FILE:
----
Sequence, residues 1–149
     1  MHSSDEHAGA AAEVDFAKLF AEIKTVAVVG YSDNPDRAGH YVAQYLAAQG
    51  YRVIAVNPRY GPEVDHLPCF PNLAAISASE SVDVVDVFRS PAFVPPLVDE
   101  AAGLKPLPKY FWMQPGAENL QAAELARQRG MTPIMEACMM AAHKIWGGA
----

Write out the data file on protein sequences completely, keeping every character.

Sequence, residues 1–149
     1  MHSSDEHAGA AAEVDFAKLF AEIKTVAVVG YSDNPDRAGH YVAQYLAAQG
    51  YRVIAVNPRY GPEVDHLPCF PNLAAISASE SVDVVDVFRS PAFVPPLVDE
   101  AAGLKPLPKY FWMQPGAENL QAAELARQRG MTPIMEACMM AAHKIWGGA